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Respiratory mechanics of high altitude waterfowl York, Julia McRae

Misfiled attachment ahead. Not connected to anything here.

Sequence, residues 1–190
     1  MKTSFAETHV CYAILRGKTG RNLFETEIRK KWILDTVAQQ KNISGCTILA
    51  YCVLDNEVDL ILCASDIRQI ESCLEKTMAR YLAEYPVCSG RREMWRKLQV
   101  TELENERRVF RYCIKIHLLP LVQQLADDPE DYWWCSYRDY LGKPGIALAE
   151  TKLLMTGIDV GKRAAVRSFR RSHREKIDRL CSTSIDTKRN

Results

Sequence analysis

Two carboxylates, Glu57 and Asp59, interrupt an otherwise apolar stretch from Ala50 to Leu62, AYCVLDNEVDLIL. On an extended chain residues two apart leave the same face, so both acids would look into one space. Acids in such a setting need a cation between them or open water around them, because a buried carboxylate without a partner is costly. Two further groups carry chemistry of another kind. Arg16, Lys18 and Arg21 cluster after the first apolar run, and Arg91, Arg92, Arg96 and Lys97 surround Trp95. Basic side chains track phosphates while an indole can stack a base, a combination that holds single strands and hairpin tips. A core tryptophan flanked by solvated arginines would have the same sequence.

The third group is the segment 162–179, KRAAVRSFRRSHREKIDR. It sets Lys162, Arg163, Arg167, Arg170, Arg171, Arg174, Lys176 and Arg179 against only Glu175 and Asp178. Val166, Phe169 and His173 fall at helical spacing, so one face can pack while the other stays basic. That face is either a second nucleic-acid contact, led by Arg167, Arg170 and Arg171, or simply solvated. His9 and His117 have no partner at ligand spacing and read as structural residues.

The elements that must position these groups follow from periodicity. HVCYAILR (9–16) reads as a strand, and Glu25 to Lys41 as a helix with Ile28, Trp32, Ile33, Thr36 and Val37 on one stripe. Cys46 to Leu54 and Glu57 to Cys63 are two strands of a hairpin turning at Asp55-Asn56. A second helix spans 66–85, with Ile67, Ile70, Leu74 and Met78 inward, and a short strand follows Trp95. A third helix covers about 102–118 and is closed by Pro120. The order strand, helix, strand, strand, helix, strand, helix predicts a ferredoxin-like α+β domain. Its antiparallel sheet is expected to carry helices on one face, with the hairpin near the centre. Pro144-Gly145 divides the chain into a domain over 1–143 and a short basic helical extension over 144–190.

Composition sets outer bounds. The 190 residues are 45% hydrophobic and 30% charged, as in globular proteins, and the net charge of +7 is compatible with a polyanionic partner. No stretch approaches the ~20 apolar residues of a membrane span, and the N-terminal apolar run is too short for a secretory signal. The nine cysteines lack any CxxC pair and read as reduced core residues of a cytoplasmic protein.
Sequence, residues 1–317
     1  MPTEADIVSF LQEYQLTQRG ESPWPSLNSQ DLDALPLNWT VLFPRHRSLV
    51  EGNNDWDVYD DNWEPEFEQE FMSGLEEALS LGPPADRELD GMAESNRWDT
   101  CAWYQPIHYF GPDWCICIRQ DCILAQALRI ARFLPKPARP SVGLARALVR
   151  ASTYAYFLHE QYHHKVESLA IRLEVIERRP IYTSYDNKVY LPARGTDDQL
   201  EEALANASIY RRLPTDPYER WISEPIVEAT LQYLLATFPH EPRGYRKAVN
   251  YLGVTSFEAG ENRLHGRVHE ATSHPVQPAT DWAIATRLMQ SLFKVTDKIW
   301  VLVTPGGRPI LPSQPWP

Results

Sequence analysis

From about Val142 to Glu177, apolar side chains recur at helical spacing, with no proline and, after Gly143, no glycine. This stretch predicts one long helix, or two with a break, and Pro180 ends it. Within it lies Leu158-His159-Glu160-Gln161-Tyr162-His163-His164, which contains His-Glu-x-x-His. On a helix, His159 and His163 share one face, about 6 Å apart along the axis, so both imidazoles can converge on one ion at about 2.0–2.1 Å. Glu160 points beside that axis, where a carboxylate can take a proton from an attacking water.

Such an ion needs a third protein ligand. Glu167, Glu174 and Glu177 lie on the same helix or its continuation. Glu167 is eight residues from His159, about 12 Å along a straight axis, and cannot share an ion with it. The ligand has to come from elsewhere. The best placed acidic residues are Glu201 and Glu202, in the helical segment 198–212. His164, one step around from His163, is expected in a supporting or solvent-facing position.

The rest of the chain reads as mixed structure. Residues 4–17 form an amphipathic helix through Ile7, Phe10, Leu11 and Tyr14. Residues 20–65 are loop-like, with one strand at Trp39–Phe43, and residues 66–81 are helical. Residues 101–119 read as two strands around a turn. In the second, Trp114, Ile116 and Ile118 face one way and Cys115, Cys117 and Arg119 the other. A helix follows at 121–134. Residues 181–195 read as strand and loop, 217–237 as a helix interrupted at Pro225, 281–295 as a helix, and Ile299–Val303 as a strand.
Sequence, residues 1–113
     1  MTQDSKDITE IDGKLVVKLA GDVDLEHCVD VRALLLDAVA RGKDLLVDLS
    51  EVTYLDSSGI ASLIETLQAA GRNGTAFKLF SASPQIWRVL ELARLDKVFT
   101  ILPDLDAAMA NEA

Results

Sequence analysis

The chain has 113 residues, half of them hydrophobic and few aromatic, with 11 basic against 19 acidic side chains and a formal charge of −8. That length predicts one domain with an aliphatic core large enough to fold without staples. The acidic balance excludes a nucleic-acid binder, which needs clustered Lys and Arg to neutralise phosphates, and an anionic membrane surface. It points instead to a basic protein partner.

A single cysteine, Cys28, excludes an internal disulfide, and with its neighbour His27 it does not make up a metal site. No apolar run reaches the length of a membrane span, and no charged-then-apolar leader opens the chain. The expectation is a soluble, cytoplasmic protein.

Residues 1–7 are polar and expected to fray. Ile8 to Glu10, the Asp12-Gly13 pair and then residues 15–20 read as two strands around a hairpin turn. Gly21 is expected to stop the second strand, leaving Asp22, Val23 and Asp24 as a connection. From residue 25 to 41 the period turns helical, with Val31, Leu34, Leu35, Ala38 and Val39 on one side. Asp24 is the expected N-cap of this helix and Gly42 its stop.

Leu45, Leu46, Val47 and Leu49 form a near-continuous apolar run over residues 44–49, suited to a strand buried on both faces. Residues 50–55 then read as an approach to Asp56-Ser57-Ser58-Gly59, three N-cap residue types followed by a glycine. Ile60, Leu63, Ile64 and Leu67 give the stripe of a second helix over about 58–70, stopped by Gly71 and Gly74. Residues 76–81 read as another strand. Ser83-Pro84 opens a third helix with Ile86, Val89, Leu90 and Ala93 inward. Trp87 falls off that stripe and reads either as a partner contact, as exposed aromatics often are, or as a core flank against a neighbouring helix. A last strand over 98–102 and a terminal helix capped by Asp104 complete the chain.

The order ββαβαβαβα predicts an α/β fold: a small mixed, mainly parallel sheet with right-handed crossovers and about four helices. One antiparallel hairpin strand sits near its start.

Birds living at high altitude (>3,000 meters) are not only able to cope with reduced oxygen availability due to hypobaria, but they are also able to achieve one of the most metabolically costly form of locomotion at these altitudes: flight. To perform such a metabolically demanding activity, in addition to energetically expensive daily tasks such as foraging, predator escape, and reproduction, all in oxygen limited (hypoxic) conditions, means that high altitude birds must enhance oxygen supply to maintain oxygen homeostasis. The primary means of increasing oxygen supply is increasing ventilation of the respiratory gas exchange surface. However, the metabolic cost of ventilation is unknown for birds at rest, as is whether this cost varies among bird species. In this thesis, the cost and work of breathing are compared in fourteen avian species to determine whether variation in the work of breathing is due to mechanical or morphological changes in the respiratory system, and if any observed changes are associated with living at high altitude. High altitude birds tended to have large and compliant respiratory systems compared with low altitude taxa, which reduces the work of breathing. However, the evidence also suggests that respiratory morphology and mechanics in birds may be more constrained by life history strategy than by evolutionary time at altitude, although species in this study that have no high altitude sister taxa (their lineages have never radiated to high altitude) struggled the most with increasing oxygen supply. Finally, birds at rest were estimated to have a lower cost of breathing than mammals, contrary to the hypothesis that cost of breathing would be high in birds due to the heavy flight muscles weighing down the sternum.

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